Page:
The Turkish government has ordered a ban on New Year’s Eve parties at hotels as part of its efforts to contain the coronavirus epidemic. The ban will be effective starting at 9 p.m. on Dec. 31 and will run through 5 a.m. on Jan. 4.
The Turkish government has banned New Year’s Eve Celebrations at hotels due to the COVID-19 pandemic. The Interior Ministry has sent the relevant circular to the 81 governor’s offices across the country.
The hotels and accommodation places will not be allowed to hold New Year’s Eve Celebrations from Dec. 31 evening until Dec. 4 morning due to a possible violation of COVID-19 rules such as social isolation and mask-wearing, said the ministry.
Earlier in December, the government announced a four-day lockdown starting on New Year’s Eve to curb the spread of the virus. Ankara said that the curfew would begin the evening of Dec. 31 and go until the morning of Jan. 4.
Turkey implements weekend lockdowns as well as night-time curfews amid a spike in infections and deaths. The government has avoided a full lockdown since the beginning of the pandemic to keep the country’s beleaguered economy running.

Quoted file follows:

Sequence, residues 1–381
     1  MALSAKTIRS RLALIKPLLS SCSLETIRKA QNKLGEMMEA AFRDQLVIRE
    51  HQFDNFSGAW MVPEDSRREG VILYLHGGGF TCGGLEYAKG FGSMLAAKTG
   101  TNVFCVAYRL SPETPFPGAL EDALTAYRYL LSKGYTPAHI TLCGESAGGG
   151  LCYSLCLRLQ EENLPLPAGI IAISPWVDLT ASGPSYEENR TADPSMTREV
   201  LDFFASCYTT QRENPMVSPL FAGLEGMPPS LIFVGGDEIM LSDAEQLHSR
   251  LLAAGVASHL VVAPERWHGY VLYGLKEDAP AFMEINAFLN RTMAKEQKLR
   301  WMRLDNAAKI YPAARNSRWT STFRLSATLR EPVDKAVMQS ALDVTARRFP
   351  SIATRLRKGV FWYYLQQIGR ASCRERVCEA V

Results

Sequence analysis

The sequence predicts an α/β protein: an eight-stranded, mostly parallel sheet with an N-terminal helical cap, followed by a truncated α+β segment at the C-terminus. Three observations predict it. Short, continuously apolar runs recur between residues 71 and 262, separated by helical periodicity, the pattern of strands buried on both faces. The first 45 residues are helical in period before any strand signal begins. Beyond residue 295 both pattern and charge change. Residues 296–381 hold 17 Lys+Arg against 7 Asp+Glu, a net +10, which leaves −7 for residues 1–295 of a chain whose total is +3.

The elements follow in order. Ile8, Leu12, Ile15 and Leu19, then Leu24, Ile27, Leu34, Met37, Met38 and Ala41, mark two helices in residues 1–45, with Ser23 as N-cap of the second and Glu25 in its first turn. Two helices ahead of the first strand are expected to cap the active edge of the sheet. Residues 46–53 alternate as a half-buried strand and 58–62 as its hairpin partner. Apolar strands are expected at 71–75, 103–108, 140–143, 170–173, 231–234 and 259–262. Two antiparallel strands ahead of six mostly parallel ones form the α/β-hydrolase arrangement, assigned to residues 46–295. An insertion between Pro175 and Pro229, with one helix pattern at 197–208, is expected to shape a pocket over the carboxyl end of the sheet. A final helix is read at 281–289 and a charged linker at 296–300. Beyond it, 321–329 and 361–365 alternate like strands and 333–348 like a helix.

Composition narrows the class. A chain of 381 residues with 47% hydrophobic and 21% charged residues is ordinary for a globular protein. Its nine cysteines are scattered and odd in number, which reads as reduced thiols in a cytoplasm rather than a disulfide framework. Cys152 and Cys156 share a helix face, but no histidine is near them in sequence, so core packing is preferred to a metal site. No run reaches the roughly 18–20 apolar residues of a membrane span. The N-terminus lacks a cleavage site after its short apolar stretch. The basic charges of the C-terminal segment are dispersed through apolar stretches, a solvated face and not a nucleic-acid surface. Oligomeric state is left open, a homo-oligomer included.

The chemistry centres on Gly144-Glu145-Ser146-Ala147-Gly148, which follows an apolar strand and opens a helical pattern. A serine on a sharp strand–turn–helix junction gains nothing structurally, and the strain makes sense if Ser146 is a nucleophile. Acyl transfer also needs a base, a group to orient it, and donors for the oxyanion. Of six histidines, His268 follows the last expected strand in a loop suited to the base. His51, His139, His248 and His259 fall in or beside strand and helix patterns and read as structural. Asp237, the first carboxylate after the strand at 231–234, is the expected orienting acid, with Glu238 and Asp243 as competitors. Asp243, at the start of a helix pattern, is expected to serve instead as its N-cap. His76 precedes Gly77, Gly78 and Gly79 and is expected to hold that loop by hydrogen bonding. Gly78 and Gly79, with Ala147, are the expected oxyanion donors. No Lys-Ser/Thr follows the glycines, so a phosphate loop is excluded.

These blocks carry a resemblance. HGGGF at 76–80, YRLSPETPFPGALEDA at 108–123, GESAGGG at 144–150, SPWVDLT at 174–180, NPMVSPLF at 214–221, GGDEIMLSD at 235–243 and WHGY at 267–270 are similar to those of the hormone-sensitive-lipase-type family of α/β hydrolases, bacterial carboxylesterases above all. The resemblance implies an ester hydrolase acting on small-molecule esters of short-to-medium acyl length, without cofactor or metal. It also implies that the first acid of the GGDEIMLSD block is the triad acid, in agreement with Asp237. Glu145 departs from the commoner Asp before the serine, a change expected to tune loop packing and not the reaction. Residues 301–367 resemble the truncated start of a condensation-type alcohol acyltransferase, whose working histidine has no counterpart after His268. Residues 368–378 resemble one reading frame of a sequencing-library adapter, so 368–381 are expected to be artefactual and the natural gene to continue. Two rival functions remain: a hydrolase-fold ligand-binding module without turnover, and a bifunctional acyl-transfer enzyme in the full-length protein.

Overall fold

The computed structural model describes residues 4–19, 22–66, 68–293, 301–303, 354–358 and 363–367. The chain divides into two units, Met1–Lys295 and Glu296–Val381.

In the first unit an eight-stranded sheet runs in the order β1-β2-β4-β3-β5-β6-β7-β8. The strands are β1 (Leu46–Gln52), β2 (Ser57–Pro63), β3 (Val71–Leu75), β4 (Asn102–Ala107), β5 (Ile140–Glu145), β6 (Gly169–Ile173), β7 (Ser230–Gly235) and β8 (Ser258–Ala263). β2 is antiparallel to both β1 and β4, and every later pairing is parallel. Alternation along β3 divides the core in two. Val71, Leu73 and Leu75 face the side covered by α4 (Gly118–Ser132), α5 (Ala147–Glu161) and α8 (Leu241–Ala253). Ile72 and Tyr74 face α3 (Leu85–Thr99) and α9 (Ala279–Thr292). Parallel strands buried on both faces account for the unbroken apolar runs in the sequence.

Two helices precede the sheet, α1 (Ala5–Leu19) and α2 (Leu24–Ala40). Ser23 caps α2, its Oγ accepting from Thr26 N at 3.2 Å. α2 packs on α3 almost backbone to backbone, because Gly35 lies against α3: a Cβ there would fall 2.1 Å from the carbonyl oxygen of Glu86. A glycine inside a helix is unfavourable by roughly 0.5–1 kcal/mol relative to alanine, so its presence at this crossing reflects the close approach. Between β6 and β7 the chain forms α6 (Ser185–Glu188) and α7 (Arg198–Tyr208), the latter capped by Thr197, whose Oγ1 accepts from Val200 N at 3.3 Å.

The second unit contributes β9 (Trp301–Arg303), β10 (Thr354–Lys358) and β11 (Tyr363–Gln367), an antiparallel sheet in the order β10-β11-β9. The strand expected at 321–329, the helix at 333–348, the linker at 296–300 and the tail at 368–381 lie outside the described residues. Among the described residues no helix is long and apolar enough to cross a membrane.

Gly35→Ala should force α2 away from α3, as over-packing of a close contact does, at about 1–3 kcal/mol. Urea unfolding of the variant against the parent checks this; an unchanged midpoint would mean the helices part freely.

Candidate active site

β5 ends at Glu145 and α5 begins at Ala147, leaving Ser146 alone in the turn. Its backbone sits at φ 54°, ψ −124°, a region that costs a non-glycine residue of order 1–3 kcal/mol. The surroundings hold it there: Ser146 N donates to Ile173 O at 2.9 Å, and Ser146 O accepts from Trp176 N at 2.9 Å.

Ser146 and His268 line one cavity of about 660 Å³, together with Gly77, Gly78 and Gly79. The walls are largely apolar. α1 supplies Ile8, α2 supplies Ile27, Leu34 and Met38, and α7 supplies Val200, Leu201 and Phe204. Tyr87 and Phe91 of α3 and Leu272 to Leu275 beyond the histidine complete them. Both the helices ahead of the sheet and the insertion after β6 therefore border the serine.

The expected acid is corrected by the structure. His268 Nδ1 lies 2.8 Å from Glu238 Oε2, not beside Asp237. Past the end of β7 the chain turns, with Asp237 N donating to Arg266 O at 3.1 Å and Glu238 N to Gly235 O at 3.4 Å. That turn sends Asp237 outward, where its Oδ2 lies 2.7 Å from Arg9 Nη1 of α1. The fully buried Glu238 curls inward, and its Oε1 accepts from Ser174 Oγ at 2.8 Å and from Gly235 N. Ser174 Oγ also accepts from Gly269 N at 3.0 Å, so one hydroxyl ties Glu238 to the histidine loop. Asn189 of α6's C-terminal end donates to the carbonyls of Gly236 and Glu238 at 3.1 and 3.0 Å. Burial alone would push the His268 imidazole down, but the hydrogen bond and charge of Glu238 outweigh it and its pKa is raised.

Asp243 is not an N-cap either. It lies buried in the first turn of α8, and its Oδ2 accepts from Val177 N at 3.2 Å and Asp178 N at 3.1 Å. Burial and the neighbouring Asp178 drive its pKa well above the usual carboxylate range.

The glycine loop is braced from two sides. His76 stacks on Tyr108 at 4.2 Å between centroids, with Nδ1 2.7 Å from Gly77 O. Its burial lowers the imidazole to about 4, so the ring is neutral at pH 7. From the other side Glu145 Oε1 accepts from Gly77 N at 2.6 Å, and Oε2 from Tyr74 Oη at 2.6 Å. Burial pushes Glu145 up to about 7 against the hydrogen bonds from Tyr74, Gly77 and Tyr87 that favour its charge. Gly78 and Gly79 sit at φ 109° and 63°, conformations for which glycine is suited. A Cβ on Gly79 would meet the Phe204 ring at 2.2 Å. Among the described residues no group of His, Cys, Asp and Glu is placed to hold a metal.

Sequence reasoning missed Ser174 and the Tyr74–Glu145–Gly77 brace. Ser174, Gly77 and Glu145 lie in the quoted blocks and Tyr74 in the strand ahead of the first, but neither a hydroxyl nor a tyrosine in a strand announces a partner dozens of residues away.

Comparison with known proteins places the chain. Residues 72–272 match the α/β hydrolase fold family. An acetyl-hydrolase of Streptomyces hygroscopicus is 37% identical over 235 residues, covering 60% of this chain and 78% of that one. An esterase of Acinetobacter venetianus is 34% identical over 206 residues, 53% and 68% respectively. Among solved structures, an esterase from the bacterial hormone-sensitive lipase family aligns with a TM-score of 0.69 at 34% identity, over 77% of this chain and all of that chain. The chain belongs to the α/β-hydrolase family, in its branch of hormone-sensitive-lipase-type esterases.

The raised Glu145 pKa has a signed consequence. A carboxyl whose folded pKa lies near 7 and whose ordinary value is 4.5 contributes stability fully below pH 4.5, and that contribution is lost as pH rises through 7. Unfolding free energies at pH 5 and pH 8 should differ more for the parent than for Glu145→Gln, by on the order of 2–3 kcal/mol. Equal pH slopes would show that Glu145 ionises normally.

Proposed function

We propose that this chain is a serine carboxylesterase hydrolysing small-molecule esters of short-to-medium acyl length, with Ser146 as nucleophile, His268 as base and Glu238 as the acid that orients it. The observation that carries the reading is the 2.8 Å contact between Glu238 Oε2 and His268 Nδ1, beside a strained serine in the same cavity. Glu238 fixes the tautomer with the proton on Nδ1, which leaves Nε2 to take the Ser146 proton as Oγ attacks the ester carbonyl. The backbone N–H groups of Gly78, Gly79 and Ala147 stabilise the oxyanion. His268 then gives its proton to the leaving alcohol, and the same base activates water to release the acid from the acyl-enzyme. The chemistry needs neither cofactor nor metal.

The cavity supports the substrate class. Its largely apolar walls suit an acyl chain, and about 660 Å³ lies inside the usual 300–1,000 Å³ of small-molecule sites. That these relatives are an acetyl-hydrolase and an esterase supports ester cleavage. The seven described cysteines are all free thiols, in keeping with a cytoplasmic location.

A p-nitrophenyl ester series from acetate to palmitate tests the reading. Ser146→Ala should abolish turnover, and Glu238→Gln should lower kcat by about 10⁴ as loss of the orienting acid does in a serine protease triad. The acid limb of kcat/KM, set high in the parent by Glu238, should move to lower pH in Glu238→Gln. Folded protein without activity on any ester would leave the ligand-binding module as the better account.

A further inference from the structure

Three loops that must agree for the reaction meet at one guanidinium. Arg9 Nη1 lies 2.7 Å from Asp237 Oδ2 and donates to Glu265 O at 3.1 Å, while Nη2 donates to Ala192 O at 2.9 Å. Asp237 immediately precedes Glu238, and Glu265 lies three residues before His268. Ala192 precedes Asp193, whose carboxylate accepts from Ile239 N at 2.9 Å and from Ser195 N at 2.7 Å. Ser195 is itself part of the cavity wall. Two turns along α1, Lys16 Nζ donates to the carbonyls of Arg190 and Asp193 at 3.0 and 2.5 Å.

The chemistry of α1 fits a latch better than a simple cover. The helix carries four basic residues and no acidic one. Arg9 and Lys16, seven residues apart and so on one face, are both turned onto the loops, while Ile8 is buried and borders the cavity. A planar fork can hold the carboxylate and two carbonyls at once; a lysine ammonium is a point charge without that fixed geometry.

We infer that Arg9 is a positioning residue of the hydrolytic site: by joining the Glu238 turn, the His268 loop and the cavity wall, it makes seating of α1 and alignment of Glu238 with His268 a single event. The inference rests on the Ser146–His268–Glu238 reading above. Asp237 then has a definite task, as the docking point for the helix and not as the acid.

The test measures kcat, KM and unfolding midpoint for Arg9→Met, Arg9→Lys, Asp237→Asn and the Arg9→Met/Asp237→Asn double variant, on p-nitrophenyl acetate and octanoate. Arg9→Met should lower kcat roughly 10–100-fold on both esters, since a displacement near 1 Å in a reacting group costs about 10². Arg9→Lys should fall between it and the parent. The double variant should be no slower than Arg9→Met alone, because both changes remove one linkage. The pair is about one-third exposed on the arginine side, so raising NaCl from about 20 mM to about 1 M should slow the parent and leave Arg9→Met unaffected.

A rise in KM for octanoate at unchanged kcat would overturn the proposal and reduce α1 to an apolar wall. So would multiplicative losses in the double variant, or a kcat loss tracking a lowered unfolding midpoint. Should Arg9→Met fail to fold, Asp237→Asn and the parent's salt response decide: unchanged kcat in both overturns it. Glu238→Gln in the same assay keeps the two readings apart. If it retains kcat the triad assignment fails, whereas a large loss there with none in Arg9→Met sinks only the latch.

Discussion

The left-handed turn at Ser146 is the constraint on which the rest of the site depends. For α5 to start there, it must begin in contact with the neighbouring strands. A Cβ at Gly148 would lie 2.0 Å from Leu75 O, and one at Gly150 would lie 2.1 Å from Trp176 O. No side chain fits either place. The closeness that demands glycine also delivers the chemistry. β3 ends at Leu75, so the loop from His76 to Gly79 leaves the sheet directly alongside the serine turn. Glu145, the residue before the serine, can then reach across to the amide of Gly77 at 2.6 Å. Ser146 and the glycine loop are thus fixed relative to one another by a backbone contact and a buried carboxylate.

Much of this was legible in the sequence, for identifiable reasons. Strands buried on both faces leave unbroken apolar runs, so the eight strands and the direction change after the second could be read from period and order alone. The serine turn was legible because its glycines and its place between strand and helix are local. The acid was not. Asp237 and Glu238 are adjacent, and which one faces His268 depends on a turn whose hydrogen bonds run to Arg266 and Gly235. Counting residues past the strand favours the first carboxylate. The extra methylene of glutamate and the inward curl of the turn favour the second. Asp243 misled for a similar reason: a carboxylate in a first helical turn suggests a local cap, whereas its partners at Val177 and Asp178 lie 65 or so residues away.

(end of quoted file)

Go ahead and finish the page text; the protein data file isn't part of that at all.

Turkey reports record daily COVID-19 death toll of 254
Meanwhile, Turkey’s COVID-19-related deaths rose to a new daily record of 254 on Dec. 21 even as new infections dipped for a sixth straight day, Health Ministry data showed.
The country reported 19,103 daily COVID-19 infections, including 3,412 symptomatic patients.
The percentage of positive tests jumped above 4 percent for the first time in more than a month, according to the official data. Daily testing rebounded to nearly 200,000 on Dec. 21 after falling over the previous two days.
Health Minister Fahrettin Koca said that number of active and critical cases is dropping. He also said the country’s bed, intensive care and ventilator occupancy rates in hospitals continue to decline.
“We started to get results of following the rules together,” he wrote on Twitter.